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Facebook's outgoing head of communications and public policy said that he knew and approved the decision to hire controversial public relations firm, Definers Public Affairs, according to an internal memo reported by TechCrunch.
Elliot Schrage, who announced in June that he was leaving, said his team asked Definers to push negative narratives about Facebook's competitors. But he denied that the company asked the PR firm to distribute or create fake news, according to the TechCrunch report.
He also admitted that Facebook asked Definers to conduct research on liberal financier George Soros.
Facebook did not immediately respond to CNBC's request for comments, which were sent after office hours.
"I knew and approved of the decision to hire Definers and similar firms. I should have known of the decision to expand their mandate," Schrage said in the memo.
Last week, an extensively reported New York Times article said that Definers wrote dozens of articles that tried to deflect negative attention onto rivals Google and Apple and pushed the idea that Soros was behind a growing anti-Facebook movement.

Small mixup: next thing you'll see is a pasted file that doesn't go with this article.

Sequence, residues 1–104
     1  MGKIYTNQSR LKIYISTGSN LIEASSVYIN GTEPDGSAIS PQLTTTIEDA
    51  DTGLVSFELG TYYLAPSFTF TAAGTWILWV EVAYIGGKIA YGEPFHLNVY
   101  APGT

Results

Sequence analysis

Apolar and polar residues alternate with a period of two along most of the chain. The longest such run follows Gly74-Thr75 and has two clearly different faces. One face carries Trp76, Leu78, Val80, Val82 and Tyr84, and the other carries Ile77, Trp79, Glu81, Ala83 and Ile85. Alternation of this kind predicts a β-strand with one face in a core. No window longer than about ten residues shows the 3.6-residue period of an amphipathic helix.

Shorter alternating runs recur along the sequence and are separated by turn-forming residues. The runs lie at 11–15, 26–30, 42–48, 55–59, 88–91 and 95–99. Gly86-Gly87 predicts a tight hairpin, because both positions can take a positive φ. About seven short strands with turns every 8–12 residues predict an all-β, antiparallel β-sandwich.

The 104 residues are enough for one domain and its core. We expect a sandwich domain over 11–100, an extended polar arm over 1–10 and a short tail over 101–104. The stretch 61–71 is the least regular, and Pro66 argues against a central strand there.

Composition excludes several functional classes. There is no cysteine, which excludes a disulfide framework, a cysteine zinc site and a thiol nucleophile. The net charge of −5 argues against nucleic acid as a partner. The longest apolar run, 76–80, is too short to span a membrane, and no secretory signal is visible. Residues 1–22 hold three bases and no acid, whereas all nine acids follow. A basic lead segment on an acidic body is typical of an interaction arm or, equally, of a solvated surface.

Facebook expanded its relationship with Definers in October 2017 after enduring a year's worth of external criticism over its handling of Russian interference on its social network, according to the report.
In an interview with CNN that aired Tuesday night, Mark Zuckerberg said he will not step down as chairman of the board after the latest disclosure of scandals within the company. He also praised Chief Operating Officer Sheryl Sandberg despite a report earlier this month that claimed Zuckerberg blamed Sandberg and her team for many of the problems plaguing the social networking giant.
For her part, Sandberg also responded to the Times report last week and said that the social network was no longer working with Definers. She added the she didn't know Facebook had hired the PR firm or the work they were doing. "But I should have," she said.
In the memo, Schrage criticized the fact that much of the internal discussions and "finger pointing" within the company had become public, TechCrunch reported.
He added that his replacement, former UK deputy prime minister Nick Clegg, will review all of the tech giant's work with consultants and propose better management processes.
"Over the past decade, I built a management system that relies on the teams to escalate issues if they are uncomfortable about any project, the value it will provide or the risks that it creates. That system failed here and I'm sorry I let you all down. I regret my own failure here," Schrage said in the memo.
Sandberg responded to the memo and said that she oversees Facebook's communications team and took "full responsibility for their work and the PR firms who work with us," according to TechCrunch.
— CNBC's Steve Kovach contributed to this report.